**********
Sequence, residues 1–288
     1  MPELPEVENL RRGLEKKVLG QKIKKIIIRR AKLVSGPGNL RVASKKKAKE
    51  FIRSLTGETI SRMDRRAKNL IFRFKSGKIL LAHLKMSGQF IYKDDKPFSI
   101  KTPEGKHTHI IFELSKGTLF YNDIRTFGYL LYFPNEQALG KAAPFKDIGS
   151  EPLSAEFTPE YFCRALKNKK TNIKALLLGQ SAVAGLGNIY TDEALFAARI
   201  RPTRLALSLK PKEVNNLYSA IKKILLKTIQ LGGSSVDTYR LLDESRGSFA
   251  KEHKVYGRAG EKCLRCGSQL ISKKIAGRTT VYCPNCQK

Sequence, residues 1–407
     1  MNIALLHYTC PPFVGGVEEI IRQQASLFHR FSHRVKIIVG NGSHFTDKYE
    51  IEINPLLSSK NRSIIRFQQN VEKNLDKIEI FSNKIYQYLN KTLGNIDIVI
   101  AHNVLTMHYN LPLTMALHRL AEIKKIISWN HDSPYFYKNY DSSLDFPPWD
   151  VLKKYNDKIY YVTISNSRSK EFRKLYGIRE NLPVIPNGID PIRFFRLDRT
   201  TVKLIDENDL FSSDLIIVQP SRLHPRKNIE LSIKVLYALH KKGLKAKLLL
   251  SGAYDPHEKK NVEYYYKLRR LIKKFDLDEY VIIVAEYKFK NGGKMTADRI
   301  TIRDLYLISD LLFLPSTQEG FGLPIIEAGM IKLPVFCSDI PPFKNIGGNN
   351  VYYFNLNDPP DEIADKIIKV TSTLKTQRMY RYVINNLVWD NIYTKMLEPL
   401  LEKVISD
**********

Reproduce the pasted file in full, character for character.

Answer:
Sequence, residues 1–288
     1  MPELPEVENL RRGLEKKVLG QKIKKIIIRR AKLVSGPGNL RVASKKKAKE
    51  FIRSLTGETI SRMDRRAKNL IFRFKSGKIL LAHLKMSGQF IYKDDKPFSI
   101  KTPEGKHTHI IFELSKGTLF YNDIRTFGYL LYFPNEQALG KAAPFKDIGS
   151  EPLSAEFTPE YFCRALKNKK TNIKALLLGQ SAVAGLGNIY TDEALFAARI
   201  RPTRLALSLK PKEVNNLYSA IKKILLKTIQ LGGSSVDTYR LLDESRGSFA
   251  KEHKVYGRAG EKCLRCGSQL ISKKIAGRTT VYCPNCQK

Sequence, residues 1–407
     1  MNIALLHYTC PPFVGGVEEI IRQQASLFHR FSHRVKIIVG NGSHFTDKYE
    51  IEINPLLSSK NRSIIRFQQN VEKNLDKIEI FSNKIYQYLN KTLGNIDIVI
   101  AHNVLTMHYN LPLTMALHRL AEIKKIISWN HDSPYFYKNY DSSLDFPPWD
   151  VLKKYNDKIY YVTISNSRSK EFRKLYGIRE NLPVIPNGID PIRFFRLDRT
   201  TVKLIDENDL FSSDLIIVQP SRLHPRKNIE LSIKVLYALH KKGLKAKLLL
   251  SGAYDPHEKK NVEYYYKLRR LIKKFDLDEY VIIVAEYKFK NGGKMTADRI
   301  TIRDLYLISD LLFLPSTQEG FGLPIIEAGM IKLPVFCSDI PPFKNIGGNN
   351  VYYFNLNDPP DEIADKIIKV TSTLKTQRMY RYVINNLVWD NIYTKMLEPL
   401  LEKVISD